MP: Grimsby ports free trade idea 'not pie in the sky'
Coal coming in to Associated British Ports' Humber International Terminal at Immingham. ABP supports the creation of a 'free trade port' after Brexit
By Grimsby Telegraph | Posted: 28 Nov 2017
Humber south bank ports could be first in line to secure free trade status after Brexit – as long as the region can get organised, an MP has told seafood chiefs.
Representatives from Grimsby’s seafood sector were in Westminster on Wednesday to lobby for support around their concept of free trade status for fish coming in and out of Immingham and Grimsby docks after the UK leaves the European Union.
Simon Dwyer, from Seafood Grimsby and Humber, Bill Showalter, chief executive of Young’s, and Nigel Edwards, from Icelandic Seachill, all made the trip to Parliament.
At their meetings, the fisheries minister agreed to discuss the idea in more detail while the MP behind the free ports idea, Rishi Sunak, urged the region’s big businesses to press on with putting together a firm proposal to Government.
Mr Sunak, however, urged the group to be even more ambitious and push for free trade status to be applied to every good coming into the south bank ports – and not just fish.
Simon Dwyer, Martin Vickers MP, Rishi Sunak MP, Nigel Edwards, Morten Arikstad’s daughter, Morten Arikstad (Norwegian trade expert)
The Conservative MP – who authored a report on how free ports could boost economies in coastal areas – advised the seafood trade to work with other major industries to secure wider support for free trade ports.
“I haven’t come across a by-sector arrangement before and I don’t know if that’s necessarily what you need to do,” he said.
“If you have a geographic area and there is a business sector in that area, then I don’t think you need to do it by-sector.”
A free port has designated areas which are considered to be outside the customs tax controls of government, meaning all imports and exports can be made tariff-free.
The seafood processing industry imports 90 per cent of the fresh fish it turns into plate-ready food and business leaders want to ensure import taxes are not applied after Brexit so Grimsby produce can remain at a competitive price.
Mr Sunak is already working with Teeside port and sites in Wales to explore the idea of free ports and implored Grimsby and Immingham to follow suit.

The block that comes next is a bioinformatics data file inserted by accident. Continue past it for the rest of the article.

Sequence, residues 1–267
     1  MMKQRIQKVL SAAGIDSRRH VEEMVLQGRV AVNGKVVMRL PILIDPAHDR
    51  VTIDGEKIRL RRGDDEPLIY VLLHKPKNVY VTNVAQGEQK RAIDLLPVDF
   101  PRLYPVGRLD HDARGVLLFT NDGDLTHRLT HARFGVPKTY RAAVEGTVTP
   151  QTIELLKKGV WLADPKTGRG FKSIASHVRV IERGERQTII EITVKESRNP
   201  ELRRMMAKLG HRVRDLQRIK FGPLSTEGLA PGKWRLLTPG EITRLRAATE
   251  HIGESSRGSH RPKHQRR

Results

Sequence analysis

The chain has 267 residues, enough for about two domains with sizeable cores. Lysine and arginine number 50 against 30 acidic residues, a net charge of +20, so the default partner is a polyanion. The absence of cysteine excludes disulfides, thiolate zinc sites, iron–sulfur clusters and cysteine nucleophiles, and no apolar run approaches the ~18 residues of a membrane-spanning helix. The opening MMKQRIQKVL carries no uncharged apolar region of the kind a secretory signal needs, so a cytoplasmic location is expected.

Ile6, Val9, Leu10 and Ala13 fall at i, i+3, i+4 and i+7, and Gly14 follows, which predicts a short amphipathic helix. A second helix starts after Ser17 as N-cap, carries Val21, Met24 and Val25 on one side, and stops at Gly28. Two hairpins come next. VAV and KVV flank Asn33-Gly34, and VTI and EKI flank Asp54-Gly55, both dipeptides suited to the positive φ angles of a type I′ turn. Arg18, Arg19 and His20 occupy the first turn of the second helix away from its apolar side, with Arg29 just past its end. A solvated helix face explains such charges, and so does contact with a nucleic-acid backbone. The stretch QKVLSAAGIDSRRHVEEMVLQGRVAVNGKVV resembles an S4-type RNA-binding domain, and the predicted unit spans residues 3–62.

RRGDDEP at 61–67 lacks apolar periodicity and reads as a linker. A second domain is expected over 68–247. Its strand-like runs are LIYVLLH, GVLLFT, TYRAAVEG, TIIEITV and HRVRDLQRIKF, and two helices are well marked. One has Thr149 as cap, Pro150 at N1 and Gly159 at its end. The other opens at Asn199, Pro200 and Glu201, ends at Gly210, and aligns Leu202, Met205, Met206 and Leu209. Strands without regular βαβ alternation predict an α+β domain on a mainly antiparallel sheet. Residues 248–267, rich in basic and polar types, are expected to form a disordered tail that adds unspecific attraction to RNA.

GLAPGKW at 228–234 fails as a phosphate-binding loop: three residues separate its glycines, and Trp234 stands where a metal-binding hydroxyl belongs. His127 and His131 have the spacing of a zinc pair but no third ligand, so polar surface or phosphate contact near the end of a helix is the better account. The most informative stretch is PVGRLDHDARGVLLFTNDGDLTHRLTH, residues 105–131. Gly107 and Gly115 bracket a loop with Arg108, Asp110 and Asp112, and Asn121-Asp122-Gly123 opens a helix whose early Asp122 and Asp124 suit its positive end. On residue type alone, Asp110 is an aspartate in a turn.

Grimsby's seafood industry do not want Brexit customs arrangements to apply to their produce - Simon Dwyer pictured
“When the Government is considering a first round of bids, you don’t want to be left out if others are organising,” he said.
“What I said to the representatives is that it is important to quite quickly build a consensus around this idea. We noted that Associated British Ports [which runs Grimsby and Immingham ports] are big supporters of the prospect of free ports.”
The Yorkshire MP added: “What I would say is, this is not a novel ‘pie in the sky’ idea. These free ports are all around the world – they are in China, Dubai, Brazil and the USA. There are 3,500 of them globally. It would be odd if we didn’t look into them.”
Martin Vickers, the MP for Cleethorpes who was also at the meeting, said the talk with Mr Sunak proved “very helpful” in understanding how a free trade port could work in North East Lincolnshire.
“The representatives realised there was more to it than just having it confined to a small area on the quayside,” said the Tory MP.
“In Grimsby, it could incorporate the two dock estates and also Europarc, for example. They are very willing to explore those possibilities after listening to Mr Sunak.”
In a further boost to the concept, Trade Secretary Liam Fox told Mr Vickers, in an exchange in the House of Commons, that his department was “looking closely at the implications” of free ports after Brexit.
The seafood lobby also met with Fishing Minister George Eustice and the Prime Minister’s Nordic region trade envoy, Mark Prisk MP, while in London.
Fishing Minister George Eustice, pictured in Grimsby, met with the seafood representatives
Mr Eustice agreed to send officials from the Department for Environment, Food and Rural Affairs (Defra) to Grimsby next week to discuss the post-Brexit proposals in more detail.
The Eurosceptic minister also listened to other Brexit concerns, including transporting Grimsby-bound fish through Europe, access to labour and also tariffs and customs checks with major import partner Iceland after the bloc exit.
Mr Dwyer said he hoped to “get into more detail on [free] trade status” when officials visit the industry next week.
Grimsby MP Melanie Onn joined the delegation for their meeting with Mr Eustice. She vowed to quiz the Defra minister on the progress made on the issues during the fisheries debate in Parliament, due to be held on Thursday, December 7.
The cohort also secured a future meeting with the Department for International Trade – who sent officials to join the discussions with Mr Prisk – in London to look at how Grimsby companies can export more seafood products after Brexit.
A Defra spokesman, in response to the seafood trade meetings, said it was working to secure “the freest possible trade in goods between the UK and the EU to help maintain a sustainable and profitable industry”.
The seafood industry will be submitting evidence to the Fisheries Committee on Monday about how it could be impacted by Brexit.
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